from The American Heritage® Dictionary of the English Language, 4th Edition
- n. A crossing in the shape of an X.
- n. Anatomy An X-shaped crossing, especially of nerves or bands of nerve fibers, connecting corresponding parts on opposite sides of the brain or spinal cord.
from Wiktionary, Creative Commons Attribution/Share-Alike License
- n. A crossing or intersection of lines etc. so as to form an X-shape.
from the GNU version of the Collaborative International Dictionary of English
- n. Act of crossing at an acute angle, or state of being thus crossed; an intersection in the form of an X
from The Century Dictionary and Cyclopedia
- n. The act of crossing or intersecting; an intersection; the crossing of two lines, rays, fibers of nerves, etc.
- n. The state of being decussated, or that which decussates; a chiasm.
from WordNet 3.0 Copyright 2006 by Princeton University. All rights reserved.
- n. an intersection or crossing of two tracts in the form of the letter X
He described the decussation of the optic nerves and the capsule of the crystalline lens, and gave the first clear description that has survived of the structure of the eye.
The Legacy of Greece Essays By: Gilbert Murray, W. R. Inge, J. Burnet, Sir T. L. Heath, D'arcy W. Thompson, Charles Singer, R. W. Livingston, A. Toynbee, A. E. Zimmern, Percy Gardner, Sir Reginald Blomfield
Prof. Hamilton, of Aberdeen, claims that the corpus callosum is not a commissure, but the decussation of cortical fibers on their way down to enter the internal and external capsules of the opposite side.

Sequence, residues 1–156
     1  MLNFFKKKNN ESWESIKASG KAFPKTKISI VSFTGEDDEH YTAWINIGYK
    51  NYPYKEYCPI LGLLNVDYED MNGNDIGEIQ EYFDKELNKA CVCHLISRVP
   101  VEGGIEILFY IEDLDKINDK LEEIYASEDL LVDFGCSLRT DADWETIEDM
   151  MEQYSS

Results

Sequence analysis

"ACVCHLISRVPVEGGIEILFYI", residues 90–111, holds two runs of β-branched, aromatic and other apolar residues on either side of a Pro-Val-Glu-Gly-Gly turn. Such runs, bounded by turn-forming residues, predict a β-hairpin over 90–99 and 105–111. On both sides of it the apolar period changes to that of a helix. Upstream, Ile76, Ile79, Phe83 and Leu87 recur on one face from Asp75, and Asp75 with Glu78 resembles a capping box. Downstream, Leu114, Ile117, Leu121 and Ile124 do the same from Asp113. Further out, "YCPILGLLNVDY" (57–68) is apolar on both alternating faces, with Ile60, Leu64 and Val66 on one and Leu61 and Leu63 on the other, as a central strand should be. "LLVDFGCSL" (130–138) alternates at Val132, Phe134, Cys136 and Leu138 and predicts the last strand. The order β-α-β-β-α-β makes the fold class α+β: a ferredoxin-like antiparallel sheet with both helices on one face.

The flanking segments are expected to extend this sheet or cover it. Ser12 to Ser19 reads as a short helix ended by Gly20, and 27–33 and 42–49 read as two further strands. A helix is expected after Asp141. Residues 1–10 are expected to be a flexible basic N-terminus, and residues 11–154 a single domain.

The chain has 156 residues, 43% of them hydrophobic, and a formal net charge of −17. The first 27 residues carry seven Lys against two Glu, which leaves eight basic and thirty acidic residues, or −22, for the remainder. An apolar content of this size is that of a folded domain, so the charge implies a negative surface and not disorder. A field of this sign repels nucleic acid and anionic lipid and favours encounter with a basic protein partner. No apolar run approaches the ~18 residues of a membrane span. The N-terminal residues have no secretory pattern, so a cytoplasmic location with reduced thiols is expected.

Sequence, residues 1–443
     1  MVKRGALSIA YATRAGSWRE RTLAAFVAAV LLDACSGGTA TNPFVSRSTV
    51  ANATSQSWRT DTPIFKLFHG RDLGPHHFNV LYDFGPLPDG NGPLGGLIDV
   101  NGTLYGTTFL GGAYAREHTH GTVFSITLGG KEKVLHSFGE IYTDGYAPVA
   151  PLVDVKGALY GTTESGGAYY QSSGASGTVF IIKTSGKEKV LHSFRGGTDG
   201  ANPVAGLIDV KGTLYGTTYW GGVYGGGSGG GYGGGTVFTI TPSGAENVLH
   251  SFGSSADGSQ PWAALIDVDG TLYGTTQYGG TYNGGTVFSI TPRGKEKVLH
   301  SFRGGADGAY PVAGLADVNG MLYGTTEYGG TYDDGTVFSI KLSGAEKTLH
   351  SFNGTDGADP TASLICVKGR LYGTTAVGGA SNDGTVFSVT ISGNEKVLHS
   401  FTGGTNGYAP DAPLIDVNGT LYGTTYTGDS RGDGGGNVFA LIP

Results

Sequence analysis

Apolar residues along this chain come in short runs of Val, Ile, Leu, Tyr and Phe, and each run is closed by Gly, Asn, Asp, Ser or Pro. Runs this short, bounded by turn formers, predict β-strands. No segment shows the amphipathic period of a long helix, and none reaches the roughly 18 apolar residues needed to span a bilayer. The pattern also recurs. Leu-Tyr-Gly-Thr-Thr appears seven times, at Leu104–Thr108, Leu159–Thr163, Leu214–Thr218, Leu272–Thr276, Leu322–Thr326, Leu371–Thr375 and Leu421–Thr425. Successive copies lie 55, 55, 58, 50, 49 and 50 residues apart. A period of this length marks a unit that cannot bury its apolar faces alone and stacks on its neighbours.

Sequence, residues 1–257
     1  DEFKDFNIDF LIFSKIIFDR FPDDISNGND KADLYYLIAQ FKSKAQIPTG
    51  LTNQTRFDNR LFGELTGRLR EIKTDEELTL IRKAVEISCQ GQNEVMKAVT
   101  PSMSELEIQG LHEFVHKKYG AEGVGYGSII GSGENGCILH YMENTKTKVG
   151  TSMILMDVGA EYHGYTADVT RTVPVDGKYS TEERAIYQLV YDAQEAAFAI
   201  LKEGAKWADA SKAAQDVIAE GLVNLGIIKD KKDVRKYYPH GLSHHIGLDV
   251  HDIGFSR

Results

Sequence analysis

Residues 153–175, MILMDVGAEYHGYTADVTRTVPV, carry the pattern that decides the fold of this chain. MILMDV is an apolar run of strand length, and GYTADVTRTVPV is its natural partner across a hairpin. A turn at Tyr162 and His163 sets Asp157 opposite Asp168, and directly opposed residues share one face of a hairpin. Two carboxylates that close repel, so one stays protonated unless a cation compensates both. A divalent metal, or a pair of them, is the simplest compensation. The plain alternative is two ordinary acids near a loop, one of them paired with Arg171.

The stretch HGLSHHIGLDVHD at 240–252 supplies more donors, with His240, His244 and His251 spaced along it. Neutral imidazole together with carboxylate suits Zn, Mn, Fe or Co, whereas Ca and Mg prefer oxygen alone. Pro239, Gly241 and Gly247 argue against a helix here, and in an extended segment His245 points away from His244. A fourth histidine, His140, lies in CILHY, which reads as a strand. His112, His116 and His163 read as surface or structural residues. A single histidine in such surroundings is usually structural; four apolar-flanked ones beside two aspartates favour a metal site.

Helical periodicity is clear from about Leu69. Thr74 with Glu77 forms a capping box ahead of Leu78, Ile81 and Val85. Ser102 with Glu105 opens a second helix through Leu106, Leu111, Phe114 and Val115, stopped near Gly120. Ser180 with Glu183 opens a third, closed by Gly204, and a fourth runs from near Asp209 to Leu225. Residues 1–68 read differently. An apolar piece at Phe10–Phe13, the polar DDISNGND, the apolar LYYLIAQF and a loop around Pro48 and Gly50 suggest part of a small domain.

The red arrow, a, a, indicates the course the lateral cerebrospinal fasciculus takes at the level of the decussation of the pyramids; the blue arrow, b, b, indicates the course which the sensory fibers take.
Section of the medulla oblongata through the lower part of the decussation of the pyramids.
Transverse section passing through the sensory decussation.
The fibers converge toward the angle of the mouth, where the central fibers intersect each other, those from below being continuous with the upper segment of the Orbicularis oris, and those from above with the lower segment; the upper and lower fibers are continued forward into the corresponding lip without decussation.
The uppermost and lowermost fibers of the Buccinator pass across the lips from side to side without decussation.
The decussation of these sensory fibers is situated above that of the motor fibers, and is named the decussation of the lemniscus or sensory decussation.
Its lower part is interrupted by bundles of fibers which cross obliquely from one side to the other, and constitute the pyramidal decussation.
When these pyramidal fibers are traced downward it is found that some two-thirds or more of them leave the pyramids in successive bundles, and decussate in the anterior median fissure, forming what is termed the pyramidal decussation.